for such a haul, i knew i'd need a good stock of ice before entering the classroom. one day mid-semester, i stopped at a coffee/beverage bar just outside of the building i taught in. being a global passing period the campus was bristling before this post-lunch class. after waiting in line several minutes, my turn came and i asked for a cup of ice. without looking at me, the girl called over her shoulder, "cup of ice." a moment later a dixie-sized cup was handed to me and contained about six cubes of ice.

COUNTER GIRL
next. what can i get you?

TROY
uhhm. excuse me. can i get a bigger cup of ice please?

COUNTER GIRL
sorry sir. that is the only size cups we give ice out in.

TROY
uhhm. but this isn't going to work for me. i see big cups over there. can't i get one of those with ice in it?

COUNTER GIRL
no sir. it's against our policy.

TROY
against your policy. this strikes me as a rather limiting policy. are you sure i can't do something to get a bigger cup of ice?

COUNTER GIRL
we don't give ice out in bigger cups because the kids then get soda in those cups without paying for the soda.

let me interupt here to describe the scene a little more. i'm standing with a stack of books i'm taking to class, a sheaf of papers i need to hand back to students and i'm wearing a tie and am easily old enough to be the father of this policy-spouting counter girl.

TROY
if i may ask, do i really look like someone out to steal soda from you?

COUNTER GIRL
sir. if you want a bigger cup of ice, i'd have to ask my manager.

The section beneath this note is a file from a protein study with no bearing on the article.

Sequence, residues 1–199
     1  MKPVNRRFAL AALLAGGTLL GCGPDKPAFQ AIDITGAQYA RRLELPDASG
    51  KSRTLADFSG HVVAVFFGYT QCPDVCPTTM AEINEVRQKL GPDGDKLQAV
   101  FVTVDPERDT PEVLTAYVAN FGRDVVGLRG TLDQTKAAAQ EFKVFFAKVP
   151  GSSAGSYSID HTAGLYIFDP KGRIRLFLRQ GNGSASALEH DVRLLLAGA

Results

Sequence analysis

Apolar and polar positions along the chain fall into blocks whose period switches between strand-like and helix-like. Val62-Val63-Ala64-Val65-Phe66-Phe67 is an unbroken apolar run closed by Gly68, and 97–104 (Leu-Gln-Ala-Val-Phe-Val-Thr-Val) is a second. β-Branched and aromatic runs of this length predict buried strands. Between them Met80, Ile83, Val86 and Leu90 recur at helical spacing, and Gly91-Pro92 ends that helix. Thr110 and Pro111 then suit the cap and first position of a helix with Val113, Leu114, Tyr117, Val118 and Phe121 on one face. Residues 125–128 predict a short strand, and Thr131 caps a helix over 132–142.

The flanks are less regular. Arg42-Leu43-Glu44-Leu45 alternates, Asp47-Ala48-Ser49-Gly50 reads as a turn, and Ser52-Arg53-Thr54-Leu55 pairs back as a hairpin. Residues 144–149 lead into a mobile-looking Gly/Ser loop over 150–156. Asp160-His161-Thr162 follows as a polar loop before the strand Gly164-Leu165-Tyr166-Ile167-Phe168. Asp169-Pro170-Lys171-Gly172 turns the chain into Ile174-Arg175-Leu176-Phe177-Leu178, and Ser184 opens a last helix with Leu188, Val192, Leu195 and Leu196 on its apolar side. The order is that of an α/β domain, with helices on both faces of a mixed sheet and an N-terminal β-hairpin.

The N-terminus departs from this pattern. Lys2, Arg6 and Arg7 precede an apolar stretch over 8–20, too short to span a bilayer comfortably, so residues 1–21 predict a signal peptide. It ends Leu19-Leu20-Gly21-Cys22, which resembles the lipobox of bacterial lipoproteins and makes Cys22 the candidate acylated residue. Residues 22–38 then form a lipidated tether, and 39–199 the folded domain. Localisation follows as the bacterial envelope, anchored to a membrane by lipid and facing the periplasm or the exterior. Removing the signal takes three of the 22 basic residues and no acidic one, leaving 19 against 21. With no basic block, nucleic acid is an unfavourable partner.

TROY
ok. i'm fine that. please ask your manager.

another interruption. now there are five workers standing behind this girl. my expectation is that she is going to turn around, get the attention of one of them and say that this gentlemen is upset that he can't get a bigger cup of ice and then the manager would see that i'm an older man who probably doesn't have the constitution to digest carbonated beverages anyway and i'm practically wearing a suit and there are twenty fidgety students waiting behind me. and after taking this scene in she would tell her student worker to give me a cup of ice and get me out of her line. that's what i expected to happen. but what did happen was the girl said ok, turned, walked past all of workers, left the counter area, and walked out of the cafe building altogether. the head of every person in line, myself included, followed the path of this young woman and the moment she exited the room, all the jaws dropped simultaneously and then all the heads swiveled in unison to me where i smiled nervously.